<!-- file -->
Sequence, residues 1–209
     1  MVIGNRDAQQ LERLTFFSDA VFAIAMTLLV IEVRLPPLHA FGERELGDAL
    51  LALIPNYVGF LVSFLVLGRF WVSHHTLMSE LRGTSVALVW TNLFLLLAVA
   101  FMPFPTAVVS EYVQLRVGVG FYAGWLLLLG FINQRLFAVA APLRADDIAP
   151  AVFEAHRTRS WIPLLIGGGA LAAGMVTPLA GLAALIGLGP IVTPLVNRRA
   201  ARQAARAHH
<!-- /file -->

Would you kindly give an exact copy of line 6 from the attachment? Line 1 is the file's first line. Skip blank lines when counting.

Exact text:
   201  ARQAARAHH